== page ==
• permanent expat

    Maybe a trial period of Sharia Law would sort a few things out & concentrate attention a tad. Public beheadings on Horseguards Parade, amputations would cause second thoughts among the light-fingered. There is an abundance of unused quarries which could be put to good & practical use in reminding flighty females of their place in the greater scheme of things.Comprehensive madrassas with the little hoodies & slutties nodding their shaven pates learning King James by rote. The rest of us with our arses to the US and facing the Holy City of Southend-on-Sea five times a day.
    …………..& don’t for a moment think it couldn’t happen.

  • Julian Taylor

    Yes of course, why stop there? I’m sure we have enough children doing woodwork classes who can knock up a set stocks in a few hours and certainly we have enough disused iron foundries left over that we could reduce the single parent problem by forcing all teenage girls to wear steel chastity belts.

    Hell, why not pull down Marble Arch and put the 3-legged horse back in Tyburn?

  • Johnathan

    Pommygranite, rot. It is possible to be concerned about crime and also to be concerned at potential vast abuse of police powers in the pursuit therof. We should certainly go after crime, but there is no need to piss all over civil liberties in the process. I see no conflict in these objectives.

    The clash between security and liberty is a false one, one that is usually pushed by authortarians trying to frighten us into accepting ever more powers. People should have seen through this sophistry by now.

  • permanent expat

    “When a government takes over a people’s economic life it becomes absolute, and when it has become absolute it destroys the arts, the minds, the liberties & the meaning of the people it governs.” Maxwell Anderson.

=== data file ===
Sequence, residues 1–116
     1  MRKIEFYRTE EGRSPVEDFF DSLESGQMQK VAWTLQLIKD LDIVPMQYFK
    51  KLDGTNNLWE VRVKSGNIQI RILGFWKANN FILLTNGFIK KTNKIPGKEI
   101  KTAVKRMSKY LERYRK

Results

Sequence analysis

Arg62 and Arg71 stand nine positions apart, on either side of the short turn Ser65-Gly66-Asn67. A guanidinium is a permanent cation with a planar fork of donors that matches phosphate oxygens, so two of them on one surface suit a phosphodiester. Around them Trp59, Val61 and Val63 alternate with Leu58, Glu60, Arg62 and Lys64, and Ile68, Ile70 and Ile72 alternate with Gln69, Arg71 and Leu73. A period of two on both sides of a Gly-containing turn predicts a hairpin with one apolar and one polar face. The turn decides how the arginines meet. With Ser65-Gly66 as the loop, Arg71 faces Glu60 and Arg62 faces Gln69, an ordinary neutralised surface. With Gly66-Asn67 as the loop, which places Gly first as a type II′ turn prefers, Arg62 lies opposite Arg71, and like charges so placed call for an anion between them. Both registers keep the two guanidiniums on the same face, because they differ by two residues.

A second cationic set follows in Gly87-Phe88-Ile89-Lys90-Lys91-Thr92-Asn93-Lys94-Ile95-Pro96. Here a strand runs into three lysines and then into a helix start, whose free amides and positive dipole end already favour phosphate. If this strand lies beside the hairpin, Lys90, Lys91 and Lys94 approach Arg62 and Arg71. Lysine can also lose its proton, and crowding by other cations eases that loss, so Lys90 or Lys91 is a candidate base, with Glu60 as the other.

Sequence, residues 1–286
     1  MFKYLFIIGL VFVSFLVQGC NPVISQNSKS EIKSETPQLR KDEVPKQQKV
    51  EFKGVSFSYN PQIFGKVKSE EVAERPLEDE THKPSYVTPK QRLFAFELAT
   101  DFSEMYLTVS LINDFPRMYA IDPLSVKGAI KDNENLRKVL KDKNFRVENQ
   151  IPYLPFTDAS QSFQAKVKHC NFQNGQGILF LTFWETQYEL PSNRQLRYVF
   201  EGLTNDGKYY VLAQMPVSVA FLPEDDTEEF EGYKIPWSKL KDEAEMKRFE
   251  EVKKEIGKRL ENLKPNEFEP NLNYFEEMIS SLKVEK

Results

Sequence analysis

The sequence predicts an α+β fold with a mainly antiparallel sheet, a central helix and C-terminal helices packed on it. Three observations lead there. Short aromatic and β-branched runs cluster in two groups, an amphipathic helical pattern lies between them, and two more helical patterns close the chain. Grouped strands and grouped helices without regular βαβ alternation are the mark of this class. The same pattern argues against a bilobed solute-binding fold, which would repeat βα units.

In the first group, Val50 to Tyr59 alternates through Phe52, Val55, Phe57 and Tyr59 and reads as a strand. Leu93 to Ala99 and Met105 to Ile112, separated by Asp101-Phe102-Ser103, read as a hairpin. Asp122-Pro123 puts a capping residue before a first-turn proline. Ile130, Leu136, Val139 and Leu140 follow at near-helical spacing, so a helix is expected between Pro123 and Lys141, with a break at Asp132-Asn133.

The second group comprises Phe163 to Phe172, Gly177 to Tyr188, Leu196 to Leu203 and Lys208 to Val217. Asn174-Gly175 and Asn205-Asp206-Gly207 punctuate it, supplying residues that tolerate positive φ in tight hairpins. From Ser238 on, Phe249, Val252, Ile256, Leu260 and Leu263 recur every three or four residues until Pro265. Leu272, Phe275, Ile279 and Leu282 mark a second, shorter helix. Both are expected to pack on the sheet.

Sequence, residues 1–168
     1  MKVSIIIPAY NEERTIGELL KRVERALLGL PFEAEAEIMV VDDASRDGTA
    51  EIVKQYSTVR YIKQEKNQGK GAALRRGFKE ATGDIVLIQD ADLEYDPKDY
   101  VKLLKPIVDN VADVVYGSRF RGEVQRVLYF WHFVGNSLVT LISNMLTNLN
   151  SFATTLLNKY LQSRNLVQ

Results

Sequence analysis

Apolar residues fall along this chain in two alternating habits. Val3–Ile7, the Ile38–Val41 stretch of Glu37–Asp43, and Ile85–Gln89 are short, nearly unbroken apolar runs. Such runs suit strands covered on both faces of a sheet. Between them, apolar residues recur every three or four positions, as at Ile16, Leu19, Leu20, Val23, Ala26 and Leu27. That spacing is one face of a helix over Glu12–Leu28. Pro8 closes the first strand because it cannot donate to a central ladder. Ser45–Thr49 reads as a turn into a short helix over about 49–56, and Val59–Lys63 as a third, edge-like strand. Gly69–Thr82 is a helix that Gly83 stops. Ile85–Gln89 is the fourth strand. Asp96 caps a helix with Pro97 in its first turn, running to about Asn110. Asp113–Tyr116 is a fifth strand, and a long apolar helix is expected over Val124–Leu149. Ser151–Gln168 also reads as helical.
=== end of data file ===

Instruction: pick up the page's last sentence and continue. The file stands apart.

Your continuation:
• Karl rove

    1292.
    The only thing I can find is John Balliol became king of bonny Scotland. How did this mean freedom for “hundreds of generations”? Assuming a generation lasts less than 7 years.

    In 1291, the 3 first Swiss cantons founded their Eternal League, with a document (the Bundesbrief) which is rather more coherent than Magna Carta. But I doubt anyone in Britain knew of it.

  • permanent expat

    He who is without “typo” may cast the first stone.

  • permanent expat

    Oh………..and if you are following this, Kim du Toit, with all those guns you have, your neck of the woods must simply be absolutely littered with corpses. What a reprehensible chap you are!

  • Verity

    I batted out the post before shutting down the computer, Guy Herbert, and was too tired to look the date up. I meant 1215, of course. I don’t know why, but 1292 sounded so right …

  • guy herbert

    Ah, now I understand.

    BTW I did a little item on this same topic on White Rose, if anyone wants a slightly different angle.

  • guy herbert

    Sorry, I’ll try that link again.

  • Verity

    I went to your link, and your final paragraph strikes a chilling note.

  • pommygranate

    Johnathan